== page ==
'I found it really precious to be there, to stand in the same place that my father stood holding me. It was just something I've always wanted to do and to go into the house itself and be part of it was just like coming home in a way. It was so evocative, as I said with the music and the smells of home cooking. It felt a very safe place to be in, even though it's not my house anymore."
Could you tell me about your dad, what do you remember of him?
I don't have any memories of being in the house with him at that time. I have dreamed about it in a strange way when I was back in the house for a day and in the garden with my father. The only real memory I have of my father is when we moved to South Africa. We lived in Johannesburg and had a white mini, a car that used to be parked outside the flat that we were in. I came out of the flats running towards my dad and I fell down the steps. I must have been about 2 and a half at the time and I remember looking up, seeing the mini car and my dad picking me up. Because my dad died when he was 28 and I was only just coming up to three years old, I don't have really any other memories of him or what he was like, I just have memories given to me by people that knew him. Everybody's told me how lovely he was, I don't know whether they're saying that to me because he's not here any more.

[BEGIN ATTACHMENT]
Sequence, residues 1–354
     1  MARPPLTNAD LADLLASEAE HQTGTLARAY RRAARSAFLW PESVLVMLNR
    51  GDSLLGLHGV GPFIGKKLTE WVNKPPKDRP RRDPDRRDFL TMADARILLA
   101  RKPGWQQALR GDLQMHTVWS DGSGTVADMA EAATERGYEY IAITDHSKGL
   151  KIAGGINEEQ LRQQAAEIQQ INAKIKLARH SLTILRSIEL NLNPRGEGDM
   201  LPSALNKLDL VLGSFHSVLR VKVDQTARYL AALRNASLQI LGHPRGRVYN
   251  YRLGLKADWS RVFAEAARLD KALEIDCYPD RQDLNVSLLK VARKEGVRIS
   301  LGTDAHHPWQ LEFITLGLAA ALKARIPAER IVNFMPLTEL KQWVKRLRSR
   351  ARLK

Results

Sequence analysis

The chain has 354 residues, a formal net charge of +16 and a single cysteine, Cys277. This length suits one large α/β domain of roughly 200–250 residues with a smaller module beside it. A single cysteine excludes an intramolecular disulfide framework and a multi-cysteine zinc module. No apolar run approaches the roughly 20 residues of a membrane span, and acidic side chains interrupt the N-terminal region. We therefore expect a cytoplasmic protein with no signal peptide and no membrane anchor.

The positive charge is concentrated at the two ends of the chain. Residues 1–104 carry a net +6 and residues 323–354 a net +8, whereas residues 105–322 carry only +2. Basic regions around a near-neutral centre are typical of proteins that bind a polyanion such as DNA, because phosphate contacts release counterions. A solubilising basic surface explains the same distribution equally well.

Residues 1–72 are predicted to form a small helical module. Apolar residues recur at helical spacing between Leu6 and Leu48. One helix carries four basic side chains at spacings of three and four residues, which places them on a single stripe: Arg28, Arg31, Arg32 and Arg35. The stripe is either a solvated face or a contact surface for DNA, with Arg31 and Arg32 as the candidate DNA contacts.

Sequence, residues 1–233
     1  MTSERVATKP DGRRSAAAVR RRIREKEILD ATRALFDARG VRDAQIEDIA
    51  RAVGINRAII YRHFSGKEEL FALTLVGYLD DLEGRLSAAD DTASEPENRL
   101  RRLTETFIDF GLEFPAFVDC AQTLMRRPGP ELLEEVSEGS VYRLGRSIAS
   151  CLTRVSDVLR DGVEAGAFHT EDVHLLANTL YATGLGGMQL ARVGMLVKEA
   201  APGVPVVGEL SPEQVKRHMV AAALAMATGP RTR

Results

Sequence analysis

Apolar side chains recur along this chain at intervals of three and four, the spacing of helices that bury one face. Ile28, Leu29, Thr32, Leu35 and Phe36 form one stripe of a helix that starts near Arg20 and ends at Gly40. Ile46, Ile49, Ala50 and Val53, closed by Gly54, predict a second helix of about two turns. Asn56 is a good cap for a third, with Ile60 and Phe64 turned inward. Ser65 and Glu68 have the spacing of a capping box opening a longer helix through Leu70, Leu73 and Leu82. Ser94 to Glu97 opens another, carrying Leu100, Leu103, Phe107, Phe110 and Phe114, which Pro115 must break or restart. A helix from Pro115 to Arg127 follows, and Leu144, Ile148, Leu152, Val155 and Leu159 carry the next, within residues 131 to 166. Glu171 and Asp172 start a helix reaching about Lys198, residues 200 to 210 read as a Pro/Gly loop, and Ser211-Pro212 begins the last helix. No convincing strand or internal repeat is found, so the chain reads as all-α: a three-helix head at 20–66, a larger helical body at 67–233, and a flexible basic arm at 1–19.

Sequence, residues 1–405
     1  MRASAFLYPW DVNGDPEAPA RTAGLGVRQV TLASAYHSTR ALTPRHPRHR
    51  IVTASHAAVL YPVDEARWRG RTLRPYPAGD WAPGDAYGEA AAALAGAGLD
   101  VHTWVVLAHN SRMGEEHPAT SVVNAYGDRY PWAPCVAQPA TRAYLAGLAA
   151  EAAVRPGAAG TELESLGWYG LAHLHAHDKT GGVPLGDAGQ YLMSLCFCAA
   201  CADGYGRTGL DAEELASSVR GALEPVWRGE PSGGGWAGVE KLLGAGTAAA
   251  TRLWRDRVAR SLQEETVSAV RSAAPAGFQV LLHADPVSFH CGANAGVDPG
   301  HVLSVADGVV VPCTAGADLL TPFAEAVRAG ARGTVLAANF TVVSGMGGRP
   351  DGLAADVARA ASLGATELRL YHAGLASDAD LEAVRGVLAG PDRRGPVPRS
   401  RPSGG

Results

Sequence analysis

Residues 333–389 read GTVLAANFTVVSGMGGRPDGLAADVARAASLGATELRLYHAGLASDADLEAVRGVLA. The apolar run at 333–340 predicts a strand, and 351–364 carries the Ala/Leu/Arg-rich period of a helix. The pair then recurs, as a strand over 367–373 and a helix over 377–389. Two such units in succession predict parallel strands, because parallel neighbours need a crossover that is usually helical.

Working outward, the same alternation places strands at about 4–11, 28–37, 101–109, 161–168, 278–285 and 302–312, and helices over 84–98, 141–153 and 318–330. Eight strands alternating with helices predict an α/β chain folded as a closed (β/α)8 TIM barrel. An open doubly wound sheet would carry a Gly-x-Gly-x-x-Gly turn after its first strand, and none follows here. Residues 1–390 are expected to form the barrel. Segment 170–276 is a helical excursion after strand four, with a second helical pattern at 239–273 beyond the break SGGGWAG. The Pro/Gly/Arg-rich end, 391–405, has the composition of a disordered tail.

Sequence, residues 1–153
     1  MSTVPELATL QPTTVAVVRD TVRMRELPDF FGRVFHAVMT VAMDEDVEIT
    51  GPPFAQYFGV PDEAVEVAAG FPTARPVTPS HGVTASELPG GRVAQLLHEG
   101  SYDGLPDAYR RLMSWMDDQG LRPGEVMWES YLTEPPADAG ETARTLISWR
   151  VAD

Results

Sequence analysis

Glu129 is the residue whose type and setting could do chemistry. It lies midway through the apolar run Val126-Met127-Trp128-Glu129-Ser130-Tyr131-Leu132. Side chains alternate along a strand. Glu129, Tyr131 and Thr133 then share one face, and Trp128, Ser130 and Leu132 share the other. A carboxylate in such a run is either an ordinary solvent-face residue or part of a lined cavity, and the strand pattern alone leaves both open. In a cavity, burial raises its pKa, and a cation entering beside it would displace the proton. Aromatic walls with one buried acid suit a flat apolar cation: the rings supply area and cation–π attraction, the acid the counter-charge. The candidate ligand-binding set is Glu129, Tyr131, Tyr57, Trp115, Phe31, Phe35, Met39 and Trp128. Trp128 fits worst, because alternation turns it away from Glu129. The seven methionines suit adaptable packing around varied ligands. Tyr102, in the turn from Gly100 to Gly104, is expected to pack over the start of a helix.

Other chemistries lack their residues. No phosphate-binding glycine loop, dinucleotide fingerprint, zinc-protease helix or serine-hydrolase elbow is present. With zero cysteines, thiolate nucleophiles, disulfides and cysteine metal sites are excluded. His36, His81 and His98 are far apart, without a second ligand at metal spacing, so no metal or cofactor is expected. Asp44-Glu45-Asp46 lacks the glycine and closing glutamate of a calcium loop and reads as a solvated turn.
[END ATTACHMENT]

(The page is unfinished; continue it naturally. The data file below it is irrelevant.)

What was the reason for moving to South Africa?
From that photograph, it's just such a happy family photograph. My aunty took it, my grandparents were there at the time, they all took turns holding me, having a separate picture taken with me. It was taken just before we moved to South Africa, so it would have been that sort of, parting photograph for the parents.
My father was a welder, he worked in Purley, there was a power station there, which is now the Ikea. My father was looking to do the same job but a better paid rate. At the time a lot of other commonwealth countries were encouraging skilled workers to move for work, and so my dad took the opportunity and so we moved to South Africa in the summer, mid 1963. My father settled into his job in Johannesburg, very naively, not really knowing much about what the situation was in South Africa. He soon found out what was happening and became very upset by it. He joined a trade union and got quite upset about the political situation, getting involved with the local politics.